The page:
Today, we’re confronted with another medium gone bad: the Internet. We should bring on the
of big tech and the online privacy laws that are way overdue. But a healthy public sphere needs a healthy public media. We’ve built the equivalent for television and radio. Now it’s time to do it for the Internet. The simplest way to proceed is to tax major technology companies to pay for better content. But Congress and the FCC could also take creative advantage of these services to get high-quality news and smart children’s programming in front of all Americans.
In 1967, President Lyndon B. Johnson signed the Public Broadcasting Act into law to spur the development of noncommercial radio and TV programming “that will be responsive to the interests of people,” and “that addresses the needs of unserved and underserved audiences, particularly children and minorities.” The result was publicly funded classics such as “Sesame Street” and “Mr. Rogers’ Neighborhood,” as well as investigative news such as “Frontline” and educational programs such as “Nova” — freely distributed for all.
But public media’s power to educate generations and inform citizens is diminishing in an ever-more-digitized landscape that amplifies junk and misinformation, and queues up creepy kid-show
instead of quality programming. To the degree that there is a public interest at work here, it is an interest in what you are clicking, buying and liking, not in information on consumers as citizens.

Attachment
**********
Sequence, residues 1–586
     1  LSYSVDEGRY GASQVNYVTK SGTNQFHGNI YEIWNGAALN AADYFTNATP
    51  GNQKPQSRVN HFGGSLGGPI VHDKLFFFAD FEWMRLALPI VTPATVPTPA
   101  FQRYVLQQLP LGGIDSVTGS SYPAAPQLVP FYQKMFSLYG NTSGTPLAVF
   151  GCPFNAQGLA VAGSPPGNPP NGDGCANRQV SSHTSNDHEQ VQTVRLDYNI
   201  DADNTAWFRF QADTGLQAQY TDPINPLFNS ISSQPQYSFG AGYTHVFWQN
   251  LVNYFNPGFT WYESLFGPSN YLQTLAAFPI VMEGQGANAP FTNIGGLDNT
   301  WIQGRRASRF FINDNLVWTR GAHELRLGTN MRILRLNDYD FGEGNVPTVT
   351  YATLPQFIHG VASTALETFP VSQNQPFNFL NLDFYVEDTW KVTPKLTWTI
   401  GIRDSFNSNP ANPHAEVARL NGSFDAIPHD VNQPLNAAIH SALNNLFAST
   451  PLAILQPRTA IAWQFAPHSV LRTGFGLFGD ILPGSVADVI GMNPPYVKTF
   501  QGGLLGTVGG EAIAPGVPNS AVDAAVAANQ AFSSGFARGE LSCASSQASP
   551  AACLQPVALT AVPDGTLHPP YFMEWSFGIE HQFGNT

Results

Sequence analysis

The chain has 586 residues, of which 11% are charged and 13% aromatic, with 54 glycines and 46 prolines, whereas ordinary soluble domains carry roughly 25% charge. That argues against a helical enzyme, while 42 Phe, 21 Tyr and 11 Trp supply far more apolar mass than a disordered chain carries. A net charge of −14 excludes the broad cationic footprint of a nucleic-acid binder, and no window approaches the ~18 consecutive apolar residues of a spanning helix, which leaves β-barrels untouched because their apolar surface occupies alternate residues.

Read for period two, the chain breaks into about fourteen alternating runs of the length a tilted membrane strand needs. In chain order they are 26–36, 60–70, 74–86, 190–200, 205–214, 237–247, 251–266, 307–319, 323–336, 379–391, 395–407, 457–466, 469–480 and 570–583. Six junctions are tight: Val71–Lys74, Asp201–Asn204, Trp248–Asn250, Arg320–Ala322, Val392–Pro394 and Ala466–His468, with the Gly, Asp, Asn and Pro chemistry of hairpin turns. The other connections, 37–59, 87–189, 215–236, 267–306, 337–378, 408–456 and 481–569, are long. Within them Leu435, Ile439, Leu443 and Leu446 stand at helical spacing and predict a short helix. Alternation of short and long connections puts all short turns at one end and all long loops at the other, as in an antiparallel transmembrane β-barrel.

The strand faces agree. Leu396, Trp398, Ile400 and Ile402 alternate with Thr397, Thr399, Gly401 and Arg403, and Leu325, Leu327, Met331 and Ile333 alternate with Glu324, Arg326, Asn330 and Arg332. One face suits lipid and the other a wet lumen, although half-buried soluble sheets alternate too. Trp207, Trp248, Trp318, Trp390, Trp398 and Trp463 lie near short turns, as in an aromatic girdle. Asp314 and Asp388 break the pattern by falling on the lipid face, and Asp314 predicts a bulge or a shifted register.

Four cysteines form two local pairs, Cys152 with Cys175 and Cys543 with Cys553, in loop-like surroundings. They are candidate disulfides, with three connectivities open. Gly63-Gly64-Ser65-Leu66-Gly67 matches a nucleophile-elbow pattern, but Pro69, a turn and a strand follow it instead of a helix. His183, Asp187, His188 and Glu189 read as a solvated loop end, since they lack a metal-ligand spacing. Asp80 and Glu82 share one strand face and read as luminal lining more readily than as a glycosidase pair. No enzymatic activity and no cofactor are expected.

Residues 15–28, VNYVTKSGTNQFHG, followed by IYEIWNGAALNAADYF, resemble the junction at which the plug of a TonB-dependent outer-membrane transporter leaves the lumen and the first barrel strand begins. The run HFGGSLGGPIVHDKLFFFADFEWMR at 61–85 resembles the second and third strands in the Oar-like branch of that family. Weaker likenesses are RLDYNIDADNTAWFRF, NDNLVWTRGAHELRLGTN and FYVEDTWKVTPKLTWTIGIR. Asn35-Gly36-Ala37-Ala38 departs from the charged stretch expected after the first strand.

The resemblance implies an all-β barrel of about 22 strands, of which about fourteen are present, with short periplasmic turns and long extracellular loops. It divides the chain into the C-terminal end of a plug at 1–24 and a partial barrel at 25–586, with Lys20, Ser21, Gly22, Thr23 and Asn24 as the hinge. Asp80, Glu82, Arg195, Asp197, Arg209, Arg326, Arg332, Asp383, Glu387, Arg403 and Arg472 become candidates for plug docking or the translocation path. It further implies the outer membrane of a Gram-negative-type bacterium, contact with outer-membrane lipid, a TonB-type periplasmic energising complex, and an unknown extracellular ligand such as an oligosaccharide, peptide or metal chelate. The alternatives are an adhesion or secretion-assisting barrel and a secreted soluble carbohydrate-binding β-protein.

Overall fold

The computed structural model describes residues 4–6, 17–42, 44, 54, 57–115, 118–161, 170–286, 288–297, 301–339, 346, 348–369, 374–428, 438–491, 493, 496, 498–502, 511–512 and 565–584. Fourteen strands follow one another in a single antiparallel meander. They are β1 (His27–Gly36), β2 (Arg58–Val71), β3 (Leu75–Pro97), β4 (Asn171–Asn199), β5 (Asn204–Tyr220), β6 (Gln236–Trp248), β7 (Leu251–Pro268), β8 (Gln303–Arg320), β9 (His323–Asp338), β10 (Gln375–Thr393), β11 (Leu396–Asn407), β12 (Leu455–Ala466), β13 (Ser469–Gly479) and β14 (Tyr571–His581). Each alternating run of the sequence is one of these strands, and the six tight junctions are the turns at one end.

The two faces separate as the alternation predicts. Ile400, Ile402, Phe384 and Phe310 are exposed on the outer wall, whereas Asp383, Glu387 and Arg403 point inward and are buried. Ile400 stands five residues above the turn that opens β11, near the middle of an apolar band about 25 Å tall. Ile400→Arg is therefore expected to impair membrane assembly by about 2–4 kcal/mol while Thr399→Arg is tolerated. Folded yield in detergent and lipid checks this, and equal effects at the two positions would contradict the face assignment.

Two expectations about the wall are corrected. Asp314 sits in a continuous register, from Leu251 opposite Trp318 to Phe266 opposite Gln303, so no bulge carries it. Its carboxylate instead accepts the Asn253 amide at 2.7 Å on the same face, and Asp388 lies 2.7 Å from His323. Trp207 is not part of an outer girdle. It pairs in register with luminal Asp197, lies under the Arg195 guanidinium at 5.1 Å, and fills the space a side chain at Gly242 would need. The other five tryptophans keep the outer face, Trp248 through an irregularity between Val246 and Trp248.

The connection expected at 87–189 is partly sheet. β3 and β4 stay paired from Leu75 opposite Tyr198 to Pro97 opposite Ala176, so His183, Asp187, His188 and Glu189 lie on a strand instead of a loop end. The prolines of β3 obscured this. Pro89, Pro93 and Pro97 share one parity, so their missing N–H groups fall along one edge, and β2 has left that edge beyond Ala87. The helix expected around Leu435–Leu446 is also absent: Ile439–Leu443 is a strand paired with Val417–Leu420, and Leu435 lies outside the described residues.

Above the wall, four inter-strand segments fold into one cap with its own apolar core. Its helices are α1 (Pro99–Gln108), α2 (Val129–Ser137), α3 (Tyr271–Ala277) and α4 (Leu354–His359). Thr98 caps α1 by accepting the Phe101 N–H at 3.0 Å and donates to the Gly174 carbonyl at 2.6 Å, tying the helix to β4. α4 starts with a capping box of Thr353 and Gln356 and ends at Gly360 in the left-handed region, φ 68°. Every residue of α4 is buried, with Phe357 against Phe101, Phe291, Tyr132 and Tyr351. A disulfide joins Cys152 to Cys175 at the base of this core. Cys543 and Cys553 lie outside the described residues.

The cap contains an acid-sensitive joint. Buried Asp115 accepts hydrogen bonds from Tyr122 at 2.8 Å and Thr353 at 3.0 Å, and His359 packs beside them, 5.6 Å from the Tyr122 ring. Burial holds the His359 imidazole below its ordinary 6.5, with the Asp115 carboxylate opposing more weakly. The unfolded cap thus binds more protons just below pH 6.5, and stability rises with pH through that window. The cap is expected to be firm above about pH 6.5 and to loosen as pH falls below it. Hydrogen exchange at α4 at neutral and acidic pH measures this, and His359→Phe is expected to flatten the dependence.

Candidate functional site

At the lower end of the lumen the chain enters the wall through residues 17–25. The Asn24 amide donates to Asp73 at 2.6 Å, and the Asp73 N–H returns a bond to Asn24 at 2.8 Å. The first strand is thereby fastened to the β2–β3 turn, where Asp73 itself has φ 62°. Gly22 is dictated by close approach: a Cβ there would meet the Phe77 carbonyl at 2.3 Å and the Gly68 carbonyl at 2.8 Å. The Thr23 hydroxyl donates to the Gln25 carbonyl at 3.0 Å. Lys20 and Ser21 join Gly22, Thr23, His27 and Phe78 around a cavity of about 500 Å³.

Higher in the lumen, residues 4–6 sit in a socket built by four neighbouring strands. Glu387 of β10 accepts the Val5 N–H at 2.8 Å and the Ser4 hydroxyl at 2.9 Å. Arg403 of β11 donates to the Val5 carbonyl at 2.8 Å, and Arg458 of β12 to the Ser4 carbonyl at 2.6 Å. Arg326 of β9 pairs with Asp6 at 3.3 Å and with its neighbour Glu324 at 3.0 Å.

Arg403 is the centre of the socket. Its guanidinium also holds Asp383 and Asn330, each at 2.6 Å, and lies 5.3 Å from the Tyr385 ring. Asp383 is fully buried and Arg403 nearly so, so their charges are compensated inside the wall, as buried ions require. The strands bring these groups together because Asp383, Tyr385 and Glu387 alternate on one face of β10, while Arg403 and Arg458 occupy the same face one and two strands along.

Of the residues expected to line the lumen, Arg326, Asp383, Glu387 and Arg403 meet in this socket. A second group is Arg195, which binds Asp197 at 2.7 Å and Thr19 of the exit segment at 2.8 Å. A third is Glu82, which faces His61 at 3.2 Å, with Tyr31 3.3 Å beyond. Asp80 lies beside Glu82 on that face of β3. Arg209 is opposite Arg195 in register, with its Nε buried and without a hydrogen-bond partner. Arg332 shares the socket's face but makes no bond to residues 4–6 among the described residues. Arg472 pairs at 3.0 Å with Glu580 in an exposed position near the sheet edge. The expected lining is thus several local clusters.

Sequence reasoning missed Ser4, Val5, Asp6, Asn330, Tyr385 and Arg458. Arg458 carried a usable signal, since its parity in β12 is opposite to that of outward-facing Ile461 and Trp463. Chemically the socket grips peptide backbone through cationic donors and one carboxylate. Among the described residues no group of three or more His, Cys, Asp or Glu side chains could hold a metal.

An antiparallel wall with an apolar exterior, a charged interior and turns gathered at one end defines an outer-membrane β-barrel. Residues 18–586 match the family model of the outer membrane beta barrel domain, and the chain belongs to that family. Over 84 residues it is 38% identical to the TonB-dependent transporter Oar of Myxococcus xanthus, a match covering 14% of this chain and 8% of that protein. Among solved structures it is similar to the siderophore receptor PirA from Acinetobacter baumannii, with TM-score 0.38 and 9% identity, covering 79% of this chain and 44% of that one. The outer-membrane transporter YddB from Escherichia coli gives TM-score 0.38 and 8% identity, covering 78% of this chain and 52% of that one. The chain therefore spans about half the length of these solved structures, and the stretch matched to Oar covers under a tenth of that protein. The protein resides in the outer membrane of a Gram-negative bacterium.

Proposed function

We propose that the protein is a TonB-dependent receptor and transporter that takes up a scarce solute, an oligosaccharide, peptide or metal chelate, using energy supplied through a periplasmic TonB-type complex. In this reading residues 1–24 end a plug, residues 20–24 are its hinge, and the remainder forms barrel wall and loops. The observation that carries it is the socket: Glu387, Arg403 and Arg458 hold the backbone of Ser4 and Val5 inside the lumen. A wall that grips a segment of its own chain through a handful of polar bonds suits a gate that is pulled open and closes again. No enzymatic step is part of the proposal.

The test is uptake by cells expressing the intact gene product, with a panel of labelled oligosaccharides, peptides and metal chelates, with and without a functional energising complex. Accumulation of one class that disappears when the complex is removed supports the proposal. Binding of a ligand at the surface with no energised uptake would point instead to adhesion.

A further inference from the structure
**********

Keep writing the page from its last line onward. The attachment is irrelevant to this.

Perhaps we ought to be grateful that Facebook recently pledged to “invest” $300 million in local media initiatives, joining Google, which also promised $300 million to “build a stronger future for news.” But the Corporation for Public Broadcasting’s budget is only about $445 million
. Funding for local public media by all state governments combined is roughly $235 million. According to financial reports by PBS and NPR, individual contributions from activities like pledge drives are even less than that. American journalism will now be subsidized by big tech at a level on par with public funding.
That should make us all uncomfortable, especially given the tech industry’s powerful interest in controlling its image and maintaining public trust.
Americans like public media. NPR still consistently
ranks among the most trusted news sources. Likewise, Americans have
rated PBS among the most trusted institutions in the United States for the past decade and a half, according to polls conducted on PBS’s behalf. But these services operate in an increasingly challenging environment. Government cuts have forced public media to become far more dependent on listener contributions, sponsorships and private donors. These organizations have had to chase audiences migrating to private platforms along with the rest of the media, meeting audiences “where they’re at.”
To their credit, public media have made an impressive effort to upgrade on a dime. PBS
states that its Digital Studios division averaged more than 38 million views per month on YouTube. NPR recently co-published a